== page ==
GORHAM – Sara “Sally” Curtis didn’t have a 9-to-5 job, but while she was raising her nine children, she found plenty to keep her busy.

When her first husband took over his family’s dairy farm, Mrs. Curtis helped harvest the produce, said her daughter Lisa Allen, and the children pitched in.

“We all did those jobs. All of us, nobody was exempt,” she said. “My mother was right there also, with us all the time.”

The farm had originally focused on dairy cows. When Mrs. Curtis and her first husband, Dewayn E. Shaw, took over in the 1960s, they expanded to produce mostly corn, potatoes and peas. The farm was a major supplier to grocers for years, Allen said.

After Mrs. Curtis’s death Tuesday at the age of 77, her son Daniel Shaw remembered her as “a hell of a gardener.”

“If she wasn’t gardening, she was cooking,” he said. “Most everything we ate, we grew.”

The family had a personal garden in addition to the farm. During the summer, Mrs. Curtis used fresh vegetables in their meals and canned enough produce to last the family through the winter, Allen said.

“She was what you would think of when you think about a mother in the 1950s,” her daughter said.

Mrs. Curtis cooked meals, including dessert, every night for the family and any of the children’s friends who stopped by. Her daughter said she required everyone to eat their meal before they could enjoy desserts she had baked.

“Home was her most important job, and that’s where she loved to be,” she said.

With her skill for sewing, Mrs. Curtis was also busy behind the sewing machine, making quilts for years. For each grandchild’s high school graduation, she made a quilt and had the entire family sign it.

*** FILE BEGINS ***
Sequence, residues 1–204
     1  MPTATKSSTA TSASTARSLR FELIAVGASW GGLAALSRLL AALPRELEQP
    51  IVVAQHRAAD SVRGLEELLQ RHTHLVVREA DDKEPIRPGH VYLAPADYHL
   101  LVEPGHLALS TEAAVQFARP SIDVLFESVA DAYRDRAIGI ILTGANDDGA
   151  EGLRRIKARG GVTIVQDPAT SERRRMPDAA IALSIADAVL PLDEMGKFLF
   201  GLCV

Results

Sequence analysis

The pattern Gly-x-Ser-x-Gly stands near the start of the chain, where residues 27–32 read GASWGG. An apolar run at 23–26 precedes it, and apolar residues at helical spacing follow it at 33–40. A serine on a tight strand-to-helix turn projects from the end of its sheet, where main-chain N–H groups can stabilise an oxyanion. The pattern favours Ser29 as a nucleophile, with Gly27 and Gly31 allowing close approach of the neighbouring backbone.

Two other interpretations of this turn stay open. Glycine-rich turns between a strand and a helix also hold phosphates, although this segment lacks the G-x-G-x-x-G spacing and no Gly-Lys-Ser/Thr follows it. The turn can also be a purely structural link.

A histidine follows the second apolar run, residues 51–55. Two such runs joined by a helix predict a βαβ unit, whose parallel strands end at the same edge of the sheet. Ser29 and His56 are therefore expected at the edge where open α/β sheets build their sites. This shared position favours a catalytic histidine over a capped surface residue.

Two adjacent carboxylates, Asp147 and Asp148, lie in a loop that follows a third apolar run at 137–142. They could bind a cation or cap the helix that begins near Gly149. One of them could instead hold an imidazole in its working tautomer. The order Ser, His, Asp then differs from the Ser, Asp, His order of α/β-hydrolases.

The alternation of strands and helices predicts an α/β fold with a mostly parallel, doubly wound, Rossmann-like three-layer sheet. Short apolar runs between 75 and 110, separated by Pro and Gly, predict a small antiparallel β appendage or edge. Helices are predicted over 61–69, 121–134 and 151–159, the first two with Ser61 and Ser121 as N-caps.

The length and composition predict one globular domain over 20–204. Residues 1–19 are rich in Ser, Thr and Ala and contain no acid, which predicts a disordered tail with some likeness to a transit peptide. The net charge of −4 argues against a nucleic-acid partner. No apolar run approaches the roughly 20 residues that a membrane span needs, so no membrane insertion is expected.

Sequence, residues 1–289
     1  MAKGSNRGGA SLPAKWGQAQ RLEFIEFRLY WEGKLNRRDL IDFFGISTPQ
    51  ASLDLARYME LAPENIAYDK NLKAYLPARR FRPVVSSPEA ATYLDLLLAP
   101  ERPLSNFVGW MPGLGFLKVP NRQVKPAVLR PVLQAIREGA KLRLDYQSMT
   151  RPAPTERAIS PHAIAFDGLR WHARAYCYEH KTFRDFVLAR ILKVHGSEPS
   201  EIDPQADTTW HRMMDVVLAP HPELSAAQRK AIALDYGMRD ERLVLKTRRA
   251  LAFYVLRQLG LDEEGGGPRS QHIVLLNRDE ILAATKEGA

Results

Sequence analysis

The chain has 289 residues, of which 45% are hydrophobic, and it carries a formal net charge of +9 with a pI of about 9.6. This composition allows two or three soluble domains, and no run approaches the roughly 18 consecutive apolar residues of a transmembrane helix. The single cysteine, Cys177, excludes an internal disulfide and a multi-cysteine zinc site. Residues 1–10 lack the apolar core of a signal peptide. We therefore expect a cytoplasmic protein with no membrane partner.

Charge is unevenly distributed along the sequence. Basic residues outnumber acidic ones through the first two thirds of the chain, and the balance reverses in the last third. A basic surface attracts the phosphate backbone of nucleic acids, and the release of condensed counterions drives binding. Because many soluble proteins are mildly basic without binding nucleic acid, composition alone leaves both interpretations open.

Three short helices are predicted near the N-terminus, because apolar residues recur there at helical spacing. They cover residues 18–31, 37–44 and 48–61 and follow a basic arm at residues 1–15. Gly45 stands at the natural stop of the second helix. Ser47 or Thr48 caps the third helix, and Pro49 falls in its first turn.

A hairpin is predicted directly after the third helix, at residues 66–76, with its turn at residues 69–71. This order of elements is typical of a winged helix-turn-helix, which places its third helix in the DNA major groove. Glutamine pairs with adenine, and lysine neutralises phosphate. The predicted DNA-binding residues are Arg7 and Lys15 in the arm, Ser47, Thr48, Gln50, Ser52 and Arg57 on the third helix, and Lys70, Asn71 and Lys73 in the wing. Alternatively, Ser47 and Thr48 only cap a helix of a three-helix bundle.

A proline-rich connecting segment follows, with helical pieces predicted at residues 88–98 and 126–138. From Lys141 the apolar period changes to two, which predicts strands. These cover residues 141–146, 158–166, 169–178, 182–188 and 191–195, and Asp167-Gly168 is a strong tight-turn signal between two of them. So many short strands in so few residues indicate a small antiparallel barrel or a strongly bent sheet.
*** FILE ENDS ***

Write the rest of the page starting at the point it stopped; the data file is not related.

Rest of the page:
A few of her 25 grandchildren have yet to graduate, but quilts are waiting for them, Allen said.

Mrs. Curtis made wedding quilts for her grandchildren who have married.

“She was quilting all the time. That was the thing she loved to do the most,” Allen said.

Mrs. Curtis tried her hand at braided rugs, wreaths from flowers that she dried, lampshades and knitting. Everyone in the family has a Christmas stocking that Mrs. Curtis knit, in various designs but all bearing the owner’s name.

With her children living in Gorham or in nearby towns, the family is very close, her son said.

“We get together for every Thanksgiving, Christmas, Mother’s Day and mother’s birthday,” he said. “She always had us over for our birthday, too.”

For each of their birthday dinners, Mrs. Curtis cooked a special meal. Her son said she always kept in mind what each of them enjoyed as children.

It was that special attention that made him feel like he was the favorite child.

“I’m pretty confident all the others would think” that they were the favorite, Shaw said. “She never had favorites. She always made you feel special.” 

Staff Writer Emma Bouthillette can be contacted at 791-6325 or at:

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